Remembering Lee ProsserBy Jeff Belanger
Ghostvillage.com has always been a Web site about ghosts and the paranormal. By discussing ghosts we're really exploring what comes after we pass on. Ghosts offer us a safe way to explore the topic of death without facing it head-on, but death is indeed the elephant in the haunted room, isn't it?
You'd think a person like me who believes in an afterlife and explores ghosts full-time would have gotten so used to death that a friend's passing would be easy. It isn't.
On July 10, 1011 at 10:30 AM, the Ghostvillage community, and the greater paranormal community suffered a great loss. It's with a heavy heart that I need to announce the passing of my friend and colleague, Lee Prosser. He was 66 years old.
Lee has been a prolific and steady Ghostvillage contributor since 2003. He's been our book reviewer, a columnist, and more than anything, a friend to not only me but the paranormal community at large.
I recall many telephone conversations I've had with Lee over the years. We talked about ghosts, about books, the writing life, his art, and sundry other topics. Lee was a kind and open soul, ready to listen, eager to laugh, and fond of putting himself into life's mysteries. Whenever I had troubles or stress, Lee always offered to light a candle for me in the hopes that better days were coming soon. He must have lit over a hundred for me over the years. He was a Vendantist -- a person who studies an ancient Hindu text called Upanishads, and who follows a philosophical system whereby believers strive to transcend the limitations of self-identity and become one with Brahman -- the highest possible level of living and enlightenment. Lee didn't just believe this, he lived it.
Lee was also a sensitive, he could see spirits almost everywhere he went. He would use those experiences to fill some of his many books. Some of Lee's titles include: Isherwood, Bowles, Vedanta, Wicca, and Me; Night Tigers; Running from the Hunter; Desert Woman Visions: 100 Poems; Midwest Hauntings; Branson Hauntings; Missouri Hauntings; and UFOs in Missouri. We're fortunate that he's left us so much of his work to ponder.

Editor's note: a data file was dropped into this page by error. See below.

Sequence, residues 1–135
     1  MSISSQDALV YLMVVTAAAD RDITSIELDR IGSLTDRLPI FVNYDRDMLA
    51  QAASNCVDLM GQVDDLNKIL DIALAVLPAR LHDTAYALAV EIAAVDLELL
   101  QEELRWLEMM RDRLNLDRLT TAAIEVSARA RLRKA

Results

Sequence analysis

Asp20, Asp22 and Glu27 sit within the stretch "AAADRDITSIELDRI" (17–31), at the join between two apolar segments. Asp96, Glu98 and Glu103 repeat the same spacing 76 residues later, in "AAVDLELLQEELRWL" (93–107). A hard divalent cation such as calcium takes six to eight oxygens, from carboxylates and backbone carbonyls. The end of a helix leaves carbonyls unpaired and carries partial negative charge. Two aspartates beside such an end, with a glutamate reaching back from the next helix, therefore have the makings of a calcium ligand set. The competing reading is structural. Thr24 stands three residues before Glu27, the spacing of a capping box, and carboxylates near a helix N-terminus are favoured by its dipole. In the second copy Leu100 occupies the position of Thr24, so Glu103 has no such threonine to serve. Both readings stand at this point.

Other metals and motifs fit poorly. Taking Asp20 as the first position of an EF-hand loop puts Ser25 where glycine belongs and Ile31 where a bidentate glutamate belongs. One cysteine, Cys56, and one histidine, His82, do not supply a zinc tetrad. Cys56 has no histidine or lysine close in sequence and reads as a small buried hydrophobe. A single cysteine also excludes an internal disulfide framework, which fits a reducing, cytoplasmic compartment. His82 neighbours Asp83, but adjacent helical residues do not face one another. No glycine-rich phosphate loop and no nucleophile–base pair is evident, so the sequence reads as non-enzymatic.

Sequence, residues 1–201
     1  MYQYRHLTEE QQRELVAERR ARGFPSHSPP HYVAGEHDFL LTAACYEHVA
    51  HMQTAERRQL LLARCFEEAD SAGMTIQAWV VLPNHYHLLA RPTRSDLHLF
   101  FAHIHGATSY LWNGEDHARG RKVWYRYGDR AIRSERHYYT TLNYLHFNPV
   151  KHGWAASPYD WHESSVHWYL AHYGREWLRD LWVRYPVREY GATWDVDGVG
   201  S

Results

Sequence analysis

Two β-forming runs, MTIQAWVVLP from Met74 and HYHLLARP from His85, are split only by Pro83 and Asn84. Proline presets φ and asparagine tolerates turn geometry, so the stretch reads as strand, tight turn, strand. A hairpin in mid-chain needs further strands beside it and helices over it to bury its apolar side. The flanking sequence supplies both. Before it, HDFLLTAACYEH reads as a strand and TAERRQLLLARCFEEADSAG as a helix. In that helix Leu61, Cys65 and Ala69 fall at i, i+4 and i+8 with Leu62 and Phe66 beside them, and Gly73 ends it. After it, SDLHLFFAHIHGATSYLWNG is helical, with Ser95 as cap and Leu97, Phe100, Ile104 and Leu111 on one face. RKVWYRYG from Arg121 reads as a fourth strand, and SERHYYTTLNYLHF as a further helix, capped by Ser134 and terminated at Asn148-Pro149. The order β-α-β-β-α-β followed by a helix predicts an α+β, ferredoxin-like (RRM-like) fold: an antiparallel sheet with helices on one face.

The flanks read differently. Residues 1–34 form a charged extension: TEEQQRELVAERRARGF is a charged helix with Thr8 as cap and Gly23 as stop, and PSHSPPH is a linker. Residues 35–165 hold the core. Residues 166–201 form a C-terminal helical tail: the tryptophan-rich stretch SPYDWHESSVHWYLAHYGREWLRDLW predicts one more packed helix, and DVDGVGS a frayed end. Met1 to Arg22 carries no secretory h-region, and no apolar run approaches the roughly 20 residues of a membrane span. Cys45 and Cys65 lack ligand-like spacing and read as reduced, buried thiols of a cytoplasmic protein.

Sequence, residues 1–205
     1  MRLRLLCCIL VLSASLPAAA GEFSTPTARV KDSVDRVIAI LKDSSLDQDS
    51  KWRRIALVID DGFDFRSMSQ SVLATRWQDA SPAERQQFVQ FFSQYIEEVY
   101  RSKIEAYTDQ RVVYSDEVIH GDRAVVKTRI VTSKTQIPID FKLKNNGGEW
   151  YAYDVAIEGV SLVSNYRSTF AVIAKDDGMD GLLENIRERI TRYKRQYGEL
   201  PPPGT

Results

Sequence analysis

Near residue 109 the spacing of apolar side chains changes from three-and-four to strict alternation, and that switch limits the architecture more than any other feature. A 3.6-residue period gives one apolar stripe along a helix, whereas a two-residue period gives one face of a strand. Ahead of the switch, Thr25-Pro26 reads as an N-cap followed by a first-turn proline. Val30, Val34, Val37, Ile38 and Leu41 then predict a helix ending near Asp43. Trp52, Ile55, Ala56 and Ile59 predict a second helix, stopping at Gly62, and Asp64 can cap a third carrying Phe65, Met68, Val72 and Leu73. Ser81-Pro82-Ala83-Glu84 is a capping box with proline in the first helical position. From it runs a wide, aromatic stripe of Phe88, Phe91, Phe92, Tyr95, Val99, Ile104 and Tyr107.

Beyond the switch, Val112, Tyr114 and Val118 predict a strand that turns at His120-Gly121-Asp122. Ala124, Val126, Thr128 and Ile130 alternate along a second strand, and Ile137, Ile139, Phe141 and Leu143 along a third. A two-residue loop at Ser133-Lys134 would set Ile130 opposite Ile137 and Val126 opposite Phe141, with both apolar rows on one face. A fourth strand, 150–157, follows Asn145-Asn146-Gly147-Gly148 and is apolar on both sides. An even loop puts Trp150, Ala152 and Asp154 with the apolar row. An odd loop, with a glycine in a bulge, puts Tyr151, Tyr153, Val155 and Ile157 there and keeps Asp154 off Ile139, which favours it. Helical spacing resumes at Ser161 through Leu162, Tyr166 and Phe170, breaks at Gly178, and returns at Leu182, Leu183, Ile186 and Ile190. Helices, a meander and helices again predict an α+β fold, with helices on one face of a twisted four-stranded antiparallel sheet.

When Lee started writing his column for Ghostvillage several years ago, he decided to call it "Bide One's Time," the point being that we're all biding our time until we pass on to whatever comes next. If anyone can reach back and give us some hints, I have no doubt it's Lee.
His writing wasn't all Lee left behind. He's survived by his wife, his children, and grandchildren. Lee was not a wealthy man. His heartbroken widow, Debra now faces a great number of bills related to Lee's untimely death, his hospital bills, and his funeral costs. In an effort to help Debra and remember Lee, Ghostvillage has set up this memorial page. Through PayPal you can send funds directly to Lee's widow, Debra Prosser.
Also, if anyone wants to post any thoughts on Lee or well-wishes, we will forward them all along to Debra who is feeling Lee's loss more than any of us ever could. You can email them to: firstname.lastname@example.org.
Lee had a love for music, for painting, for his many cats, and for writing -- passions I have no doubt he will continue pursuing in the next life. In the coming month we will remember Lee through his work in the paranormal and through his books.
Please keep his wife, Deb, and his family, friends, and fans in your prayers as they mourn his loss with the rest of us.
Lee, I've lit a candle for you, though its flame will pale in comparison to yours.